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Entries in Specialty Market (118)


Garelick & Herbs Opens in Southport: Prepared Food, Eat In, Smoothies, Noodle Bar & More! (sponsored)

Garelick & Herbs Southport have opened the doors at 3611 Post RoadAfter 23 years of happy success in the original flagship store in Westport, G&H opened their entirely unique space a few steps up the Post Road at the Westport/Southport border.

Owners, Jason and Paola, have always had the philosophy that good food creates a good mood, but now Garelick & Herbs is adding good space – Vaulted ceilings, and a light filled atrium designed to look like a barn made of glass, set the tone that the G&H Southport location will be THE destination for daily gourmet good food. The modern-industrial eclectic vibe lends itself to Fairfield County aesthetics.

It is almost 10,000 square feet on 2 levels, more than double the size of their former flagship store. The marketplace is accented with an exciting new juice and smoothie bar, an antipasto bars to graze in or take out and expanded breakfast and lunch options. Our noodle bar adds a wonderful spice and flavor. The in-house bakery will be downstairs at this location, so be prepared for the wonderful aroma of signature items like ruggalach and soft black & white cookies. “We are excited to have the bakery right under our noses”, said Paola Garelick.

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10 Questions with Fjord Fish Market's Jim Thistle 

Oh so many fish in da sea! And that’s only the beginning....what kind of fish do you want to prepare? Do you know how to prepare it? Oh, yeah, and where should you go to get this fish, short of heading out into open waters yourself? And wait, and here’s the $100,000 question: is the fish you are buying everything it says it is? Good grief. It’s almost easier dating and looking for *those* fish in the sea. Well, fear not, CTBites sat down recently with one of the Big Fish out there, Jim Thistle of Fjord Fish Market, and he helped guide us through seemingly murky waters...

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5 Things You Should Know About Bees & Honey via Red Bee's Marina Marchese

With cooler weather around the corner and Rosh Hashanah just past, it’s time to reach for your honey pot. If your summer was full of honey-themed cocktails and BBQ’s, it’s quite possibly still on the kitchen counter but if you enjoy honey “only in my tea when I’m not feeling well” it might be in the darkest corner of your cupboard most likely crystallized. No, it is not spoiled and you don’t have to throw it out. Right now, honey is having a moment as the next artisanal food superstar. Partly because bees are disappearing – you’ve heard about colony collapse sparking a beekeeping craze and partly because honey is believed by many to relieve symptoms of colds and seasonally allergies.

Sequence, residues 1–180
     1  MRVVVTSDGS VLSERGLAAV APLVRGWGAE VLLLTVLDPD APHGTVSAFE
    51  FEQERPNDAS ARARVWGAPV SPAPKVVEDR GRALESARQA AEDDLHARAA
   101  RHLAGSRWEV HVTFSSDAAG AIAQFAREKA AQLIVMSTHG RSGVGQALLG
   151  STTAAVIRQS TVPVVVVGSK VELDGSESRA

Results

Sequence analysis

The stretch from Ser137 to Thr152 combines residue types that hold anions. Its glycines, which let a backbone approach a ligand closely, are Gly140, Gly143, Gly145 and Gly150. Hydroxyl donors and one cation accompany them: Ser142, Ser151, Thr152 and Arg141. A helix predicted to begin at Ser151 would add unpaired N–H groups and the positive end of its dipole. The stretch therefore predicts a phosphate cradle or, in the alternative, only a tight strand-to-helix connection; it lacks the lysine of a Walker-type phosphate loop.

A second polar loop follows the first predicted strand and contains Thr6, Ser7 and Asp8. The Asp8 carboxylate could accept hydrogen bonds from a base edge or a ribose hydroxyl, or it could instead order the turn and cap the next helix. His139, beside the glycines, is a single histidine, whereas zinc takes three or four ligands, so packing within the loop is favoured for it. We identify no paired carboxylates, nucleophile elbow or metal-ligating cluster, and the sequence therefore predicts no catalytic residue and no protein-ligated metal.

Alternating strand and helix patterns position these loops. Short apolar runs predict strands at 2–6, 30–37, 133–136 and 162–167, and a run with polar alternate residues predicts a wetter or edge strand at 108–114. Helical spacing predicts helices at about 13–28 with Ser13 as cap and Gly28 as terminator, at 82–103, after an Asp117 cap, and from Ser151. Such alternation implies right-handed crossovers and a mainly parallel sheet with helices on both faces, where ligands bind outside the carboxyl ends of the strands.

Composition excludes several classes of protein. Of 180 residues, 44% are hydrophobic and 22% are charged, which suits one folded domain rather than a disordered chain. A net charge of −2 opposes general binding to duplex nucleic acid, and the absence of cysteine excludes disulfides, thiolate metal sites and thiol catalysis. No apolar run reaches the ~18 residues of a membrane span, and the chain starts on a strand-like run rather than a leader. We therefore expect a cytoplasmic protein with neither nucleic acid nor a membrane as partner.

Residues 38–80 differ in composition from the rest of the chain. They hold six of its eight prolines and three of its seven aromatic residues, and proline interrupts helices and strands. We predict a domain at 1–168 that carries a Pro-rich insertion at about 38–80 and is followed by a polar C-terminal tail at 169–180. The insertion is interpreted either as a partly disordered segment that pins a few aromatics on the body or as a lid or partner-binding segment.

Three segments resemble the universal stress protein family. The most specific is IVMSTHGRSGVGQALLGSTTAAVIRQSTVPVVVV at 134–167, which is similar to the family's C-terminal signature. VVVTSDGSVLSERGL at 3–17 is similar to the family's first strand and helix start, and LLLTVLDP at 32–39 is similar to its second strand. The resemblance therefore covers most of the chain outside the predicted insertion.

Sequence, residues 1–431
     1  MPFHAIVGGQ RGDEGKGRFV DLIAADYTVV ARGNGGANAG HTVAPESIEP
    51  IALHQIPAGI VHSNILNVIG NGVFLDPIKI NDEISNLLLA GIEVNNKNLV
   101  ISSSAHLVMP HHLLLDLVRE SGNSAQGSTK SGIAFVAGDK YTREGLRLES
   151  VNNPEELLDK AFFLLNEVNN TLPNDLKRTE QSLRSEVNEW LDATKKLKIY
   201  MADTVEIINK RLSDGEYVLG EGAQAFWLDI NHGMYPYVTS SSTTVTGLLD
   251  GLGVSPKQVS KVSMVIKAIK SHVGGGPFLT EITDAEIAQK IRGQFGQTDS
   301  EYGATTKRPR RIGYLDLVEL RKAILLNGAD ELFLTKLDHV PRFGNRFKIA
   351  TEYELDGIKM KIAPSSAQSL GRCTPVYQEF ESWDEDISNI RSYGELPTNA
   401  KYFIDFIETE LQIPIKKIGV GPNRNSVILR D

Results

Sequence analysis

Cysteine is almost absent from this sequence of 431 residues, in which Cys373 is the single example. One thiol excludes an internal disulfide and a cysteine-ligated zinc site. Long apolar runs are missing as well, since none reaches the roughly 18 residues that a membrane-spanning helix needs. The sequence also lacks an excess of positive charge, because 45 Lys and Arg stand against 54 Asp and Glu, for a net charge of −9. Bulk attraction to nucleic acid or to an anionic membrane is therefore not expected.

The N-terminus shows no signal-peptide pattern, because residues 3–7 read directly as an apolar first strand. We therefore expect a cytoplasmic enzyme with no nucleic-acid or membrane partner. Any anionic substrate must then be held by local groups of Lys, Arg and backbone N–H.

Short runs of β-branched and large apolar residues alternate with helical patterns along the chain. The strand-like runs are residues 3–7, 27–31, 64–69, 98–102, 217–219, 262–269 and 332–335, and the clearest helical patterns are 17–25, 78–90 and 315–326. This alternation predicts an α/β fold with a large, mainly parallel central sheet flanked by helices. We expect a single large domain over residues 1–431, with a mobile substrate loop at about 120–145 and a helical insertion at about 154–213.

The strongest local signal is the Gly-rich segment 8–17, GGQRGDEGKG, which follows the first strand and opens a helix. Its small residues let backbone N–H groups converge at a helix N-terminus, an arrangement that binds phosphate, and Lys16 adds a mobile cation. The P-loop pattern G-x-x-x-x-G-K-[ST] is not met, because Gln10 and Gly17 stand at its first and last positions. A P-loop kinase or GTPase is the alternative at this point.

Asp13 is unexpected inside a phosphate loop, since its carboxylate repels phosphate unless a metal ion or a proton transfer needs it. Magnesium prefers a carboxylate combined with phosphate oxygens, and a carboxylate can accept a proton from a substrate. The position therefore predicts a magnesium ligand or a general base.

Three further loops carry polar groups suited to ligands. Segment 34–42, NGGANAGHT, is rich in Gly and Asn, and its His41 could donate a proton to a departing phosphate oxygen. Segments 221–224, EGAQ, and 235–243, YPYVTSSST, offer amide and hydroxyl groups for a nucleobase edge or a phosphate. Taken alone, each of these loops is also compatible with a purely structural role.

Honey is the only food made by an insect that humans consume and although it was found in the tombs of the Pharaohs, honey can last forever if stored properly – in a cool, dry place, yet it will loose its delicate flavors and health benefits over time. Most people think that honey is honey is honey but it’s not. I’m going to help demystify the flavorful world of honey so that you can be an informed honey connoisseur and navigate your way around the delicious and diverse world of natures oldest and only raw sweetener. 


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Double L Market: Westport's First Farm Stand Turns 30

Lloyd Allen’s Double L Market in Westport is celebrating its 20th year. The market, now in its third location near Hillspoint Road, is the “original” farmstand. Described as “eclectic” it has weathered every storm and outlasted the competition thanks to a very dedicated group of followers. “When you’ve done this for as long as I have you get to know a lot of people and what they want. We want to be able to offer the best!” Allen told me.

“We were a farmstand and farmers market long before anyone else - before it became a thing. We were wild, and on the side of the road, in the open air and having lots of fun doing it.” Although Allen and his staff are no longer on the side of the road, and are now in an enclosed air-conditioned corner store, a little bit of that wildness still remains. “We are still having a great time,” he added. “You meet people who are passionate on both sides of the market - the growers are passionate about producing the best and our consumers are passionate to find and eat the best.”

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Citarella Greenwich - Fresh from the Dock to your Table

“I’ll meet you at the front gate at 5am.”

This email, which I received from Joe Gurrera, the owner of Citarella, required setting the alarm for 3:30am, grabbing two cups of coffee and driving the hour to the Fulton Fish Market in the Bronx. Visiting the new Fulton Fish Market was something I have always wanted to do, mingle with the best purveyors of the freshest and best selection of fish, just hours before it arrives at stores and restaurants in preparation for the day’s fare.

The history of Citarella dates to 1912, when a small fish shop opened in Manhattan. Over seventy years later, in 1983, Joe Gurrera purchased the shop and Citarella was born. Joe’s passion for fish started when he was a small boy venturing, in the dead of the night, to the original Fulton Fish Market. It was during these nightly excursions that he educated himself on the various fish and, more importantly, how to choose the best of the best.

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The Uber-Guide to Connecticut’s Asian Markets